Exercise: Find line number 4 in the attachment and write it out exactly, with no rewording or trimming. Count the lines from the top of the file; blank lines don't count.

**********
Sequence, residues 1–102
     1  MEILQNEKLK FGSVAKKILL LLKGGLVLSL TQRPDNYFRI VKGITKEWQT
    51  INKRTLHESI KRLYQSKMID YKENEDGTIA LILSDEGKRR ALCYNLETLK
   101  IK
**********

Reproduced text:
   101  IK